Before we begin, I would like to mention at First Healthcare Compliance, we strive to serve as a trusted resource for compliance professionals and every month we celebrate their hard work and dedication with our compliance Super Ninja recognition. For this episode, we’re spotlighting Super Ninja Wendy Mulkey, Business Development Marketing at Emerald Coast Neurology. Wendy says “I am a lifelong learner. Working at Emerald Coast Neurology has allowed me to continue to grow and learn. I feel my contributions are making a positive impact for the staff and patients. At the end of the day, I just want to make a difference. I feel like I’m accomplishing that at Emerald Coast.” Congratulations, Wendy, our team is honored to have the privilege of working with you.

Catherine Short

So hello, Rachel, thank you so much for joining me today on First Talk Compliance to speak about BAAs.

 

Rachel V Rose

Thank you Catherine. It’s always my pleasure to collaborate with you and First Healthcare Compliance in order to hopefully provide meaningful content to the listeners.

 

Catherine Short

Thank you. So how about some background? First, can you give us an overview of exactly what a BAA or Business Associate Agreement is and who it involves?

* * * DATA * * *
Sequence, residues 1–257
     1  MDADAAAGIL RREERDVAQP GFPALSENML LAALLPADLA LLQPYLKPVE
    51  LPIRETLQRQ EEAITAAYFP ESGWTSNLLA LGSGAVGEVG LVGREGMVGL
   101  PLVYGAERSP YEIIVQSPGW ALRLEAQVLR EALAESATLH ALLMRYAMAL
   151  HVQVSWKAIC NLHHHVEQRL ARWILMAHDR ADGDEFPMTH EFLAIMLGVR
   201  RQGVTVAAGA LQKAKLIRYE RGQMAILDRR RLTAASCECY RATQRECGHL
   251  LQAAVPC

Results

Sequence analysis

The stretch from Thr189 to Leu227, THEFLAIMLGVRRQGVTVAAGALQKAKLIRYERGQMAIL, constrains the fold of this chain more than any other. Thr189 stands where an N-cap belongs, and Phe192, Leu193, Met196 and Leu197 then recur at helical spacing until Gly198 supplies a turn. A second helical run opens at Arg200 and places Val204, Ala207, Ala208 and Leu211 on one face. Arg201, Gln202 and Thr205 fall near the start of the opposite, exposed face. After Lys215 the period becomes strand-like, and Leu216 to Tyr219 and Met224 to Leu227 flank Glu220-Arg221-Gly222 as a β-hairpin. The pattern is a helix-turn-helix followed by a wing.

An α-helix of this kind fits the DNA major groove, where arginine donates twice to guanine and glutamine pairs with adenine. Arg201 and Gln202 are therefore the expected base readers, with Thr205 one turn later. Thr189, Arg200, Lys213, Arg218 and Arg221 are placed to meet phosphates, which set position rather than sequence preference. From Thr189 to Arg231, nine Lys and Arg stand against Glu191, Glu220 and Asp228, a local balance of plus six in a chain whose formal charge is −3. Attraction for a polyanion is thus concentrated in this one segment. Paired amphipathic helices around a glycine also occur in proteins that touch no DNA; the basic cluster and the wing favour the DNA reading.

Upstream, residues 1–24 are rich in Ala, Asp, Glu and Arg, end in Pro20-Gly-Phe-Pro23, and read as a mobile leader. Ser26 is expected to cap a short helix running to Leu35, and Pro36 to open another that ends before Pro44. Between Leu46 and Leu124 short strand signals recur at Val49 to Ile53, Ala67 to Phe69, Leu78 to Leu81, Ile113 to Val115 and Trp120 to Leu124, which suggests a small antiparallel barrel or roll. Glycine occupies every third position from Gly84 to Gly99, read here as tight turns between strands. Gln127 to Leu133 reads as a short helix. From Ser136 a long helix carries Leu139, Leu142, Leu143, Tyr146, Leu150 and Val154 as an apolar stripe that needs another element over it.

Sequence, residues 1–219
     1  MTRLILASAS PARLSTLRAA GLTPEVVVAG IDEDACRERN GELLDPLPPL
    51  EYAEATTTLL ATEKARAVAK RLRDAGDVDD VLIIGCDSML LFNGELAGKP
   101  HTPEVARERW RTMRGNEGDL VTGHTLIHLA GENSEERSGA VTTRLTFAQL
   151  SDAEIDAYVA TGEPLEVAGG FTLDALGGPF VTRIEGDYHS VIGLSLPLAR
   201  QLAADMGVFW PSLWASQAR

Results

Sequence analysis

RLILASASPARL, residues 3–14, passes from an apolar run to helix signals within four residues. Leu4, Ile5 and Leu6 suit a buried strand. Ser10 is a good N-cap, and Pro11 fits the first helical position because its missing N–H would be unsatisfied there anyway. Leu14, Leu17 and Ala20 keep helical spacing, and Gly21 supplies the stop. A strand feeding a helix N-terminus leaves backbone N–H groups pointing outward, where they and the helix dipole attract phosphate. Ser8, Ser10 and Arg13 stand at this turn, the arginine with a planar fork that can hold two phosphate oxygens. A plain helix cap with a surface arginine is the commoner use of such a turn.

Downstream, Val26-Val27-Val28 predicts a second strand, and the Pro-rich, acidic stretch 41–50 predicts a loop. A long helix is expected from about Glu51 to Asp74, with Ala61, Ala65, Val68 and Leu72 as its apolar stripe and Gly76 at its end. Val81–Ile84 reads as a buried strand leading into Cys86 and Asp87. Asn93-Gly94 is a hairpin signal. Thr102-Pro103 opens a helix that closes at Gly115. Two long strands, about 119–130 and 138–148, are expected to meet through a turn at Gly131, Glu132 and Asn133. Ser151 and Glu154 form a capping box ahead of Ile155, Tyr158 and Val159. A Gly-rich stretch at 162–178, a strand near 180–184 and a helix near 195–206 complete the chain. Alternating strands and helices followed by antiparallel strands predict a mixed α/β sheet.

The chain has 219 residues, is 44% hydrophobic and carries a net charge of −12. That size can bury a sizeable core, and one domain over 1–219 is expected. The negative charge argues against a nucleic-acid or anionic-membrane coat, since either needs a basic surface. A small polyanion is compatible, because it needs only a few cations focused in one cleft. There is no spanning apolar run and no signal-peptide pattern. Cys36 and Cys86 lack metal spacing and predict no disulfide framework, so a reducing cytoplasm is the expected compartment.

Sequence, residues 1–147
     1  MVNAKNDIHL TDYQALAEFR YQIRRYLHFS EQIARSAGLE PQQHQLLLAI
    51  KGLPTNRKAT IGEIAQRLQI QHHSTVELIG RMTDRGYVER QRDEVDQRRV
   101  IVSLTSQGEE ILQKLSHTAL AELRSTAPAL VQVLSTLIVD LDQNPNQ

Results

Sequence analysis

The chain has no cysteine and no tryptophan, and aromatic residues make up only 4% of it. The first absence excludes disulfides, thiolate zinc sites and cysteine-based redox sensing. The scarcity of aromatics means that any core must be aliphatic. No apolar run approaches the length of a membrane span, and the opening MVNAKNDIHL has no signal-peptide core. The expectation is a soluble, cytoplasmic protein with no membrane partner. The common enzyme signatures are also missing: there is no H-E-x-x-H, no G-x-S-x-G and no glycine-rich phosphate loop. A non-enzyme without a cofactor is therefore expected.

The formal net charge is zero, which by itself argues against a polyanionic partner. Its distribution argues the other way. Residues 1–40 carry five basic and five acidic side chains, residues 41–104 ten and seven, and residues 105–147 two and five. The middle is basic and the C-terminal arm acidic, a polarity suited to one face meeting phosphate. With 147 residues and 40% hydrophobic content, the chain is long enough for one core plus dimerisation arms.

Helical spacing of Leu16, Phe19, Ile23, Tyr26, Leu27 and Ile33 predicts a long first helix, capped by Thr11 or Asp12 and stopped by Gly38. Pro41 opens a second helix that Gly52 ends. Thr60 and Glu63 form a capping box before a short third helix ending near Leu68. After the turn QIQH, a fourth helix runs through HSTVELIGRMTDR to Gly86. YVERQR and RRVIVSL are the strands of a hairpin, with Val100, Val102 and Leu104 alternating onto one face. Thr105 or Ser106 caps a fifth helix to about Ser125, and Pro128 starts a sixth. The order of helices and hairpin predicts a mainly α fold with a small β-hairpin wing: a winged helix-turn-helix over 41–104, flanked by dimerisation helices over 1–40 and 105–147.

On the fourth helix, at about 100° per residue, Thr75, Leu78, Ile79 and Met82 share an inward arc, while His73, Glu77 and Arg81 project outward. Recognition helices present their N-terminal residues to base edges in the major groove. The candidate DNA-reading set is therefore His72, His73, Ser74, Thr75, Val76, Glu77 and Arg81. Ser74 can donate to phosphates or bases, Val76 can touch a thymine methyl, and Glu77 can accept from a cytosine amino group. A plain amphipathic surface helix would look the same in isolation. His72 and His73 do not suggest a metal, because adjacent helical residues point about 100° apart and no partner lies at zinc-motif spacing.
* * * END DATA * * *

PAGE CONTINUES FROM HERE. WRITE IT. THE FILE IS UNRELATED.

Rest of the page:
Rachel V Rose

Absolutely. Not surprisingly, that is a very detailed question. As your introduction mentioned, a business associate agreement, which is referred to in 45 CFR 160.504(e) as a business associate contract is just that. It’s an agreement between two parties to do three primary things. First, ensure that both parties are utilizing the appropriate technical, administrative and physical safeguards in order to ensure that the confidentiality, integrity and availability of the protected health information remains intact. Additionally, it relates to the Privacy Rule, the entire security role and the breach notification rules being adhered to. The second element that always jumps out at me is the notification to the other party and then potentially, to HHS, patients and the media in breaches of 500 or more individuals, and making sure that the parties designate the timeline that party A, the typically the party the breach occurred on, tells party B about this and then what transpires after that. The last main requirement or part of a business associate agreement is what to do when the relationship between the parties terminates. Now that might seem simple. Oh, I just need to either return and or destroy the data in a manner that complies with the HIPAA Security Rule and preferably with NIST. That’s part of it. But as we all know, there are situations where we can’t just return or destroy information. Some of those may be obligations of a legal hold or a government investigation or a lawsuit that might be in place. Under federal HIPAA, it applies to covered entities, which are healthcare providers, healthcare claims clearing houses and insurance companies and their business associates, and then a subcontractor of that business associate.